Wang gets chance to show true ability
Pitching on short rest, righty tries for better results than Game 1
NEW YORK -- Chien-Ming Wang has a classic shot at redemption. Teetering on the brink of elimination, the Yankees are turning to their ace on short notice, sending Wang to the mound at Yankee Stadium for Game 4 of the American League Division Series on Monday.
Just four days earlier, Cleveland torched Wang for eight runs in the first of two series-opening losses for the Yankees. It was a rare pummeling for the Taiwanese right-hander, so New York is giving Wang a chance to save the club's season. A win on Monday would send the series back to Ohio, and the Yankees believe Wang is the man to get them there.
"We get a chance to come back and win a ballgame and build more momentum," said Yankees manager Joe Torre, whose club picked up an 8-4 win in Game 3 on Sunday. "We understand if we win [on Monday], we have to go back over to Cleveland, and we didn't have a good memory over there.
"We're going to rely, as we always do, on Wanger out there."
The alternative for the Yankees was to turn to veteran right-hander Mike Mussina, but a few factors convinced New York that Wang would be fine on three days' rest. The most obvious reason is that Wang is the staff's ace, having captured 19 victories in each of the past two seasons.
"Well, he's a 19-game winner, he's pitched well at the Stadium, and we relied on him so much," Torre said of Wang. "Taking nothing away from [Mike Mussina] -- Moose hasn't pitched in a while. Certainly, I made him aware before the game that we'll decide later who is going to pitch, and he was comfortable with that. I just told him afterward that it was going to be Wanger, and he said, 'Fine.'"
Wang has also historically been dominant at Yankee Stadium, where he has gone 26-9 with a 3.04 ERA in his career. This season, the 27-year-old right-hander has a 10-4 record with a tidy 2.75 ERA in 16 starts at home. Pitching on such short rest is also sometimes easier for a pitcher like Wang, who relies heavily on a sinker.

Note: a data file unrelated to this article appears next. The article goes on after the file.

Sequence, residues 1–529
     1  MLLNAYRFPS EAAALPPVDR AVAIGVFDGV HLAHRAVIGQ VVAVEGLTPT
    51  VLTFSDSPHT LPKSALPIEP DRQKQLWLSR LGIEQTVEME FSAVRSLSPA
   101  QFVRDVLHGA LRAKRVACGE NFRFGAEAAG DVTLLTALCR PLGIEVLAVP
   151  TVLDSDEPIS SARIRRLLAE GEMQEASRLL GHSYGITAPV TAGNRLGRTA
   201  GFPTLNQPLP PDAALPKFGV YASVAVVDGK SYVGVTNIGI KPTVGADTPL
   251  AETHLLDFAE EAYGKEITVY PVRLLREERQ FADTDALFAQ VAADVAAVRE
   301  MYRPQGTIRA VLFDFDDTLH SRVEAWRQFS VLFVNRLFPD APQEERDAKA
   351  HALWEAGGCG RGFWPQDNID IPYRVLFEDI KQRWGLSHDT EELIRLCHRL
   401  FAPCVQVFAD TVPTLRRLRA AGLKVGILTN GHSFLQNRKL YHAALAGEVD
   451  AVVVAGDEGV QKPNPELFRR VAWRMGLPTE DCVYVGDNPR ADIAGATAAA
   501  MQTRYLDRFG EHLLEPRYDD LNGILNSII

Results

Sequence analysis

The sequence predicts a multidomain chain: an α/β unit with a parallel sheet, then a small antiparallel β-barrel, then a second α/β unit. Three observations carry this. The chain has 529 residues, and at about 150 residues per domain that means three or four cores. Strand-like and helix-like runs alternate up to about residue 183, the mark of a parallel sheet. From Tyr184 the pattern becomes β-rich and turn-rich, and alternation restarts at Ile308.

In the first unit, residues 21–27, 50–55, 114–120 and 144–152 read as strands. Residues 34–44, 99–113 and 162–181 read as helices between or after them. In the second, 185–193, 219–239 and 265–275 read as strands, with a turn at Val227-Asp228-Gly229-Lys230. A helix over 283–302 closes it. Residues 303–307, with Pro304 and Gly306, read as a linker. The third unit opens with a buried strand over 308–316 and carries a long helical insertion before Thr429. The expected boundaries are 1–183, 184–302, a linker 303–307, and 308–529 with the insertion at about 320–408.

"A lot of times, it can work to your advantage," Yankees pitching coach Ron Guidry said. "If you get tired, that's when your sinker really works. So maybe on one less day, he might not be able to throw as hard, but maybe his sinker will move more. But it's a tossup. Sometimes it works, sometimes it doesn't. You just hope it works [on Monday]."
Wang has pitched after just three days of rest only once in his big league career -- in 2005 -- and he allowed two runs in 4 2/3 innings. Still, naming Wang the starter for Game 4 hardly came as a surprise. The right-hander was on the winning end of New York's lone playoff victory last season, and he went 6-1 with a 3.15 ERA over his final nine regular-season starts this year.
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The loss that Wang took during Game 1 in Cleveland on Thursday was one of the worst outings of his career, but he said he wasn't worrying too much about that performance. Wang struggled to keep his sinker down in the strike zone during the outing at Jacobs Field -- an issue he'll look to reverse when he takes the hill in the Bronx.
"We're always confident in Wang," New York third baseman Alex Rodriguez said. "He's been our horse for a long time. I know he's very comfortable at home. We're looking forward to a big game."
"I don't worry about that," said Wang, who allowed eight runs on nine hits in 4 2/3 innings last time out. "I'm pitching in the next game, and I'll try to keep the team winning. ... The last time I faced Cleveland, the ball was up, and [on Monday], I'll try to get the ball down.
"I feel fine. I'm not sore, and my arm feels good, so it's no problem."
Jordan Bastian is a reporter for MLB.com. This story was not subject to the approval of Major League Baseball or its clubs.